In his famous lectures Richard Feynman discussed the impossibility to violate the second law of thermodynamics by a ratchet mechanism. The simplest model for a ratchet is an overdamped Brownian particle in an asymmetric but spatially periodic potential (with asymmetry and period L). Due to the fluctuating force caused by the pushing molecules of the surrounding fluid or gas the Brownian particle may overcome the potential barrier moving to the left or to the right. The probabilities for both directions are equal. Thus on average the particle does not move. Hence building a motor which turns thermal energy into mechanical work from a single heath bath is impossible.
But the ratchet can be turned into a so-called a Brownian motor that
seems to violate the second law of thermodynamics. The idea is to turn the
ratchet potential periodically on and off with a frequency
As long as the ratchet potential is off the particle will move diffusively
according to a (biased) random walk, leading to a variance in position of
and a mean position of , where
Where does the energy come from leading to a drift against the external force? The energy does not come from the heath bath but from the ratchet potential when it is switched on. At that moment the potential energy of the particle will be suddenly increased. In the simulation this can be seen by a sudden increase of the energy bar. But most of the energy pushed into the system will be just dissipated into the heath bath due to the relaxation of the particle into a potential minima. Only a tiny portion will be used for doing work. Thus a Brownian motor does not violate any law of thermodynamics it only turns one type of work into another one. Nevertheless the fluctuating force due to the heath bath is essential for a Brownian motor.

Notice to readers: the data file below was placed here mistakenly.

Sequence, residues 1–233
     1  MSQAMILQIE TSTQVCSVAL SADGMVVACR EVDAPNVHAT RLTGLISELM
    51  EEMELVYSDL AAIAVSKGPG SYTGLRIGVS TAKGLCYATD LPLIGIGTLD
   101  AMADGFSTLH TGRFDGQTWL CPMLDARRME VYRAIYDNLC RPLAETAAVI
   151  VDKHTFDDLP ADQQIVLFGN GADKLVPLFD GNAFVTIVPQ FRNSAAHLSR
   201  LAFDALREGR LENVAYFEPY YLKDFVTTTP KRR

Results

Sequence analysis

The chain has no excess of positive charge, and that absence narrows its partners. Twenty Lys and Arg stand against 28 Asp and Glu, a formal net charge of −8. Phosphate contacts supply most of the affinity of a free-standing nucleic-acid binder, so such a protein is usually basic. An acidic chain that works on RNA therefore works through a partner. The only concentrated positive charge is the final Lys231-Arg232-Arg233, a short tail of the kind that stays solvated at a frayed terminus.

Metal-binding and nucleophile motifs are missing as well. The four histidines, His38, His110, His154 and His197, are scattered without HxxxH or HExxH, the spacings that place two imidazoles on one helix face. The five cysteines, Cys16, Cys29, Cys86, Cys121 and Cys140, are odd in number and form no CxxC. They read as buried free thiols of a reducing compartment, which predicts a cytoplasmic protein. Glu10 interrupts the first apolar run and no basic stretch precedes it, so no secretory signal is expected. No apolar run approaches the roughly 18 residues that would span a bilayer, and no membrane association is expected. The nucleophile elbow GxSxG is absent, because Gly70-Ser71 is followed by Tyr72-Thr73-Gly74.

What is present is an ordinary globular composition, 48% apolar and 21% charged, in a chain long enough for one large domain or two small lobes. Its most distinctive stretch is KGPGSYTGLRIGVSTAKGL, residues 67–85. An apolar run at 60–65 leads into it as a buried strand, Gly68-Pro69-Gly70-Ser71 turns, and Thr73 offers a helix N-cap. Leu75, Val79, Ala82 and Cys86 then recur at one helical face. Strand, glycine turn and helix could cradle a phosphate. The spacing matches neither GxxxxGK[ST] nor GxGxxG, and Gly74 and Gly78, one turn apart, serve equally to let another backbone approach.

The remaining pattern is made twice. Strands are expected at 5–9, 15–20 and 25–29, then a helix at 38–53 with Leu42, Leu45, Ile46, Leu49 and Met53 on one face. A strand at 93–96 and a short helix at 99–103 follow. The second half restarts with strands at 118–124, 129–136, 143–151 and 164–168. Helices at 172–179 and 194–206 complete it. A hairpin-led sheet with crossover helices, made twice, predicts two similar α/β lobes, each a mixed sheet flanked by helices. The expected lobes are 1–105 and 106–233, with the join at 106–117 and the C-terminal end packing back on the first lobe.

For more details and possible applications in biology and chemistry read the
following review article:
R.D. Astumian: Thermodynamics and Kinetics of a Brownian Motor, Science 276, p. 917-922 (1997).